Tactical Nukes

Chris Thompson at DefCon 25Chris Thompson at DefCon 25Chris Thompson's (Red Team Lead, IBM X-Force) talk was entitled MS Just Gave the Blue Team Tactical Nukes, (and How Red Teams Need to Adapt). Windows Defender Advanced Threat Protection (ATP) is one of these features Chris highlighted now part of Windows 10, in the fall release of Windows 10 Update, the so-called Creators Update (release 1703). There are many new features and updates to the security piece (Defender) of what is now an ecosystem:

  • Windows Defender AV (new name for Defender)
  • Windows Defender Advanced Threat Protection (ATP)
  • Windows Defender Exploit Guard (EMET)
  • Windows defender Application Guard
  • Credential Guard
  • Works with Windows Server 2012 R2, Windows 2016, and Linux

So What's The Problem?

After the initial foothold – post breach, an attacker wants to run use some tools and contact their C&C (command and control) server to do reconnaissance, privilege escalation, steal credentials, move laterally, and for Windows, grad the NTDS.dit. PowerShell 5, with enhanced logging and suspicious script block logging (default) detects some activities. Previous versions (a new 4.0 release includes the logging) provide "little evidence of attacker activity." AMSI (anti-malware scan interface) is also enabled by default, and doing previous tricks (downgrading to PS v2 or using NotPowerShell no longer work.

Reconnaissance activity is detected by Windows ATP. Credit: Chris ThompsonReconnaissance activity is detected by Windows ATP. Credit: Chris ThompsonAccording to Thompson, though many attacks are detected with PS 5 and APT, some are still undetected: bypassing script logging/AMSI and using encoded payloads; using VBA shellcode injection without Kernel 32 API declarations; and other executables designed to avoid detection, etc. APT has some built-in protection against uninstalling from an elevated prompt, but is susceptible to some blocking attempts. Used in combination with Defender AV, some of these blocking attempts would be detected.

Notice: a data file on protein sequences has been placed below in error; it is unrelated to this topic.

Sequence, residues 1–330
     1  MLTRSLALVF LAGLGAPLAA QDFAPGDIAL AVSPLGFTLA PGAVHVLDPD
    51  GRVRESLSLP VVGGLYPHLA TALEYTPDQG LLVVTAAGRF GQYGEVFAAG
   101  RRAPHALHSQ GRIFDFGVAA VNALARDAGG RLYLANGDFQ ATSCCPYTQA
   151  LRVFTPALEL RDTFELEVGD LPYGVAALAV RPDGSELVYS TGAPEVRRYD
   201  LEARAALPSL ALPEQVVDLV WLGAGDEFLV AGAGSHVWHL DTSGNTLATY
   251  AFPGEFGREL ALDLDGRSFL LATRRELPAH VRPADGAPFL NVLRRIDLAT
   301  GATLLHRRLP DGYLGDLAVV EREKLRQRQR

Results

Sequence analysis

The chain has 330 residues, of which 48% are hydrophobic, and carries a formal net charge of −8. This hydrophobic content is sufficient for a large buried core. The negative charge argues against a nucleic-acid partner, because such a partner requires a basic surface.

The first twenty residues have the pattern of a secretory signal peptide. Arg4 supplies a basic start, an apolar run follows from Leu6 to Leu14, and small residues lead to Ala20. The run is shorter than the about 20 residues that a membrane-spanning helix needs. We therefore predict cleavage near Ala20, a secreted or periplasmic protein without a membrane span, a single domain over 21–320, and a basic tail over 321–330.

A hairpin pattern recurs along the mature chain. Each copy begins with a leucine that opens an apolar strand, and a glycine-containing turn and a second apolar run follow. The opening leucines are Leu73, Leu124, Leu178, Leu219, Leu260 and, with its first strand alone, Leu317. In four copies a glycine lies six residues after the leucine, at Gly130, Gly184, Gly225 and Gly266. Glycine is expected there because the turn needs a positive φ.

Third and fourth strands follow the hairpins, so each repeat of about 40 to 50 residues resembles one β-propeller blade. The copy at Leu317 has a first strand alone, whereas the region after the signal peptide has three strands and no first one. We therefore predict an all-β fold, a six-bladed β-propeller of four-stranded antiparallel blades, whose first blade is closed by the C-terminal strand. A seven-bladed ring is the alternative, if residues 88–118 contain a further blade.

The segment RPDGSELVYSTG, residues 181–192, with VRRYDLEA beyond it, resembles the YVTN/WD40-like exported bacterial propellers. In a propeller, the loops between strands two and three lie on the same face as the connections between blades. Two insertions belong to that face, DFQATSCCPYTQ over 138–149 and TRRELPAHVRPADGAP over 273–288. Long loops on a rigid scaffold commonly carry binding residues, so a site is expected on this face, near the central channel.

Another tool described by Thompson is Windows ATA – Advanced Threat Analytics, a behavior platform that parses many types of network traffic and is designed to detect some post-breach activities, such as reconnaissance, lateral movement and persistence.  Many suspicious activities are detected, but not enumeration via WMI local name space.

Windows ATA detects suspicious activities. Credit: Chris ThompsonWindows ATA detects suspicious activities. Credit: Chris ThompsonGrabbing a copy of NTDS.dit, the active directory database, by volume shadow copies would normally be detected, but if you use WMI Win32_ShadowCopy class, this isn't detected by ATP. ATA flags this as a low severity event. Similarly, using AES to encrypt mimkatz's grabbing a golden ticket is also not detected.

Conclusion: A Combination of Techniques and Tools Provides Detection

Based on the two talks and other PowerShell best practices, here's a summary of techniques that would detect or prevent many malevolent PowerShell uses:

  • Upgrade to PowerShell 5, if you haven't done so
  • Make sure Module, Transcription Logging (with short polling times), and ScriptBlock are turned on
  • Monitor processes in real time with a host IDS
  • Process and Command Line Auditing; Windows Sysinternals Sysmon also works; make sure these are forwarded
  • Limit PS remote sources to dedicated administration work stations
  • Use JEA (Just Enough Administration) to prevent lateral movement success
  • Harden SQL servers, review forest trusts
  • Use Windows ATP and ATA (or similar third party threat analytics) and integrate SIEM and VPN logs into ATA
  • Use Revoke-Obfuscation, especially on suspicious scripts